CRAWFORD: Earnhardt's victory a big deal for NASCAR, Kentucky Sp - WDRB 41 Louisville News

CRAWFORD: Earnhardt's victory a big deal for NASCAR, Kentucky Speedway

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LOUISVILLE, KY. (WDRB) -- A little more than a year ago today I was standing outside Dale Earnhardt Jr.'s hauler at Michigan International Speedway, listening to him patiently field what had to seem like his millionth question about his winless streak.

Beyond the streak, I was struck by how Earnhardt didn't flinch at the question, knew it was coming, didn't try to be flip about it or act irritated by it, but to answer it honestly, with an upbeat outlook. He said he felt like he'd been driving better than he had in years, and his team was performing well. He said he felt like it was just a matter of time.

Turns out, his time was a year away. But it came Sunday, at that same Michigan International Speedway, with a victory that ended his winless streak at 143 races, and the response has been overwhelming.

Seldom will you see so many competitors so quick with congratulations. (I was struck, in fact, a year ago by how many said an Earnhardt win would be great for the sport).

Jimmie Johnson, a Hendrick Motorsports teammate, jumped onto Twitter to tap out, "I'm so happy for Jr." Danica Patrick, who drives for Earnhardt's team in the Nationwide Series, Tweeted, "Way to go boss!"

Country star Brad Paisley and Indy Car legend Mario Andretti were among the celebrants.

Everyone in NASCAR knows the score. No amount of marketing mojo the considerable talents at NASCAR could devise would generate as much interest as Dale Earnhardt Jr. in Victory Lane. The 37-year-old has been voted NASCAR's most popular driver nine straight years. He leads the circuit in merchandise sales every year.

Forget Tiger winning a major. Earnhardt winning a Sprint Cup Race is every bit as big a needle-mover for a sport looking for a spark, and everyone knows it.

Well, everyone, maybe, but Tony Stewart, who said of Earnhardt's win Sunday: " No different than anybody else that does it. It's not a national holiday, guys."

Maybe not, but it was a red-letter day for the sport, and welcome news, certainly, at Kentucky Speedway, which will be the next oval the Sprint Cup visits after a road course race at Sonoma this weekend.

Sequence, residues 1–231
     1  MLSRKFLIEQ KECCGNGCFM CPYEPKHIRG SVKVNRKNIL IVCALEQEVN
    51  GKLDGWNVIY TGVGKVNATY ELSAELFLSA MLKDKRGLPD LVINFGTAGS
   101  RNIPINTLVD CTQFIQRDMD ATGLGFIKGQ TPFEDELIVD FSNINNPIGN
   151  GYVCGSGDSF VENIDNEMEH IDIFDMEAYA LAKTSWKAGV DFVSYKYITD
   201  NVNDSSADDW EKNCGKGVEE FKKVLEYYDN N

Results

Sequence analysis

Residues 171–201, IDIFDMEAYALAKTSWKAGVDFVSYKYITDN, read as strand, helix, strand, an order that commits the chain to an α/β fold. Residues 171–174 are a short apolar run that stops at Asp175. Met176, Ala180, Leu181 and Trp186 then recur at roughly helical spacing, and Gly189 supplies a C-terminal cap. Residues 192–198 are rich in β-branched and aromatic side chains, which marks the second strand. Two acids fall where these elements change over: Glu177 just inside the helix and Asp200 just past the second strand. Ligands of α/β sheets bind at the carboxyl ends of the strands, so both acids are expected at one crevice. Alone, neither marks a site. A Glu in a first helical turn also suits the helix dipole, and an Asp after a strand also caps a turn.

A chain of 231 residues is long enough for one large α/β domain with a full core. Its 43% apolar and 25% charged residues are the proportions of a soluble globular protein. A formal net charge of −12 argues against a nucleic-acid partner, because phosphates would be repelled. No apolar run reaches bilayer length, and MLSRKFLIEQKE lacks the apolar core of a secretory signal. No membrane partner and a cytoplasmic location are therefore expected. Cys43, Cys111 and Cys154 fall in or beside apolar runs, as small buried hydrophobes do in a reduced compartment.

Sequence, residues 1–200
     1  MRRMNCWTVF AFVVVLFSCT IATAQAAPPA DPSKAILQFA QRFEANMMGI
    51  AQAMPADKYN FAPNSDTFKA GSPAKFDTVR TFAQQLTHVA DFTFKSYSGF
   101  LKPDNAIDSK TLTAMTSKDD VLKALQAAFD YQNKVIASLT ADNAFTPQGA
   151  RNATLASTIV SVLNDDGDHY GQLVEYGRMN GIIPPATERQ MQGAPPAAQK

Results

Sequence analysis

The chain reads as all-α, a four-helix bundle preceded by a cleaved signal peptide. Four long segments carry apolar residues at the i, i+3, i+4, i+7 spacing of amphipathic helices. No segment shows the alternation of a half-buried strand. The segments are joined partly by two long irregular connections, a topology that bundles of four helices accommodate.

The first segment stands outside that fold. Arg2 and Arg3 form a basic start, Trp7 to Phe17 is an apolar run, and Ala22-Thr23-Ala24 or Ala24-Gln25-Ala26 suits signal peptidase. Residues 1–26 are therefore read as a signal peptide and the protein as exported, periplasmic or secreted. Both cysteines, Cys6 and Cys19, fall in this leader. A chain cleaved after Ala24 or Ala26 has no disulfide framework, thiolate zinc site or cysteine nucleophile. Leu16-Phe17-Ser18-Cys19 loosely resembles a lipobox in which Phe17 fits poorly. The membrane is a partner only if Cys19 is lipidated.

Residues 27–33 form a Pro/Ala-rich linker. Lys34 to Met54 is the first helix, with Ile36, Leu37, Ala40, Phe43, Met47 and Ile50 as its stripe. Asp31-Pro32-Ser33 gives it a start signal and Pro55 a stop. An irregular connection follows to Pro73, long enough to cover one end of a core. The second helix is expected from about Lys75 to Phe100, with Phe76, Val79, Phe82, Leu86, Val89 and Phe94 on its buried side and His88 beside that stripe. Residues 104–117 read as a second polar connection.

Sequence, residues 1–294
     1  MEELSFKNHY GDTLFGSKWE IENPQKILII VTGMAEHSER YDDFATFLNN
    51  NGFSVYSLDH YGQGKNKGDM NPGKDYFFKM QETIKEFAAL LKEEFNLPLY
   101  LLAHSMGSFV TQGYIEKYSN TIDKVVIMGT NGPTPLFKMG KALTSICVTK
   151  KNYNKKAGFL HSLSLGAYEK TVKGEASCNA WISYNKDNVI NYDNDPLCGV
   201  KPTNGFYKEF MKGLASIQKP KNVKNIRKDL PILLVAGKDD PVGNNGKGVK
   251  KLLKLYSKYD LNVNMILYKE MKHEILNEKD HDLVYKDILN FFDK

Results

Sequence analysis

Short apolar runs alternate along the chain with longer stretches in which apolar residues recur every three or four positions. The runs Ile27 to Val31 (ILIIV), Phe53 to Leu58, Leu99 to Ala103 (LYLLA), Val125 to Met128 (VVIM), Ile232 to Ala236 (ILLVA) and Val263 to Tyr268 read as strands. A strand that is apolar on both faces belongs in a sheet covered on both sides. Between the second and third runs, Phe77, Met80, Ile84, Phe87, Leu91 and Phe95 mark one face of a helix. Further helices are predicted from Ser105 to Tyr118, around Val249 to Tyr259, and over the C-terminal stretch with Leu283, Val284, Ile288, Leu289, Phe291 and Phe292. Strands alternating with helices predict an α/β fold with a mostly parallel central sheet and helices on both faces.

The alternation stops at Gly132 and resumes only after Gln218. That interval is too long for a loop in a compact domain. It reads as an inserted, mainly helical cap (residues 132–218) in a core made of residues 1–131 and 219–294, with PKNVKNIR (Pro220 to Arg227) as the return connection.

Speedway spokesman Tim Bray hadn't had a chance to check the ticket office this morning, but said that Earnhardt's win can't help but crank up enthusiasm surrounding the Sparta, Ky., track's Quaker State 400 on June 30.

"He's had a tremendous year and it was just a matter of time before he returned to victory lane," Bray said. "We are excited for him and the entire Hendrick Motorsports team. His fans are some of the most loyal in sports. Junior Nation will be well represented at Kentucky. We can't wait."

Last year, Mark Martin said Earnhardt had "the strongest set of shoulders in motorsports." And he has carried a lot, most of all his name, as son of the legendary Dale Earnhardt, who died in a 2001 crash at Daytona.

But he plotted his own course, leaving the family team to join Hendrick Motorsports. As part of that, he was teamed with crew chief Steve Letarte, who no doubt deserves great credit for Earnhardt's resurgence. Junior is not the lightning rod personality that his father was. At times, you sense some discomfort with the glare. But as Martin said, "he gracefully carries the incredible weight under the circumstances."

Example? Let's say Tiger Woods had won the U.S. Open. Can you imagine one of his first quotes after the victory being about his fans? Yet that's where Earnhardt said his mind wandered.

"They stayed loyal," he said. "As soon as I got out of the car, that was my initial thought -- was about how many people were in their living rooms screaming at the top of their lungs, or running out in the yard, or whatever they do. I just wish I could see it all at once."

Having gotten that first win this season, Earnhardt has much more to play for now. He's second in the Cup Chase points, and is as much a threat to win a points title as anyone. He has more top 10 finishes than any driver this year. He's the only driver to finish every race on the lead lap.

Talk about interesting -- if he could take over the points lead at Kentucky, officials at that track would have themselves a memorable moment.

At the very least, NASCAR is ready for another close-up. And folks at Kentucky Speedway are happy to be along for the ride.

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